AROD of course will still have the bat for 3B which, all else equal, "improves" his chances of staying at 3B.


Right. How many 3B weren't at third because their bat could no longer handle the position? ARod has a HOF bat, so I don't see why we'd compare him with any certainty to "ordinary" 3B.

But I can't see why you'd risk that much money when you're paying him to hit.


Because they're not "paying him to hit." They're "paying him" to provide value. He provides the most value if he can stick at third.

This is like when people say about Player X's offense, "they're paying him to drive in runs." As if, e.g., getting on base is not important. No, they're not paying anyone "to drive in runs." They're paying them to provide value on offense. To extend the analogy to ARod, they're paying him to provide as much value as possible, considering offense *and* defense.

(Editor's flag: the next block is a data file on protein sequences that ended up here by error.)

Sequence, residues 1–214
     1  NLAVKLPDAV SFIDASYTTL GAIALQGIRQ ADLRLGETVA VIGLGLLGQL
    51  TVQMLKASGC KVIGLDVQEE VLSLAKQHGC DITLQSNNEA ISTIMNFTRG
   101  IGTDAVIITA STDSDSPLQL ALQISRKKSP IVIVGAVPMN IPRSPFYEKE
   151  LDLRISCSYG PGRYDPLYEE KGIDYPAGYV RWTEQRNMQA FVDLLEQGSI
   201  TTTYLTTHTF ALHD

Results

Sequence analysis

29. Willie Mayspedester Posted: January 31, 2011 at 11:07 PM (#3740349)
In the past four years, six players who were at least 37 had a season of least 90 RBIs, but none more than 96.


The Yankeezz are doo00med!11!
   30. charityslave is thinking about baseball Posted: February 01, 2011 at 12:06 AM (#3740406)
The Yankees will just let him play short field, like in girls softball. He'll be such a feeb by then that no one will complain that they are playing with 10 men. After the final year of his contract, the dementia will be advanced enough that they'll just tell him he plays ss for the Yanks, and have his nurse wheel him out of the clubhouse and feed him his oatmeal during the games.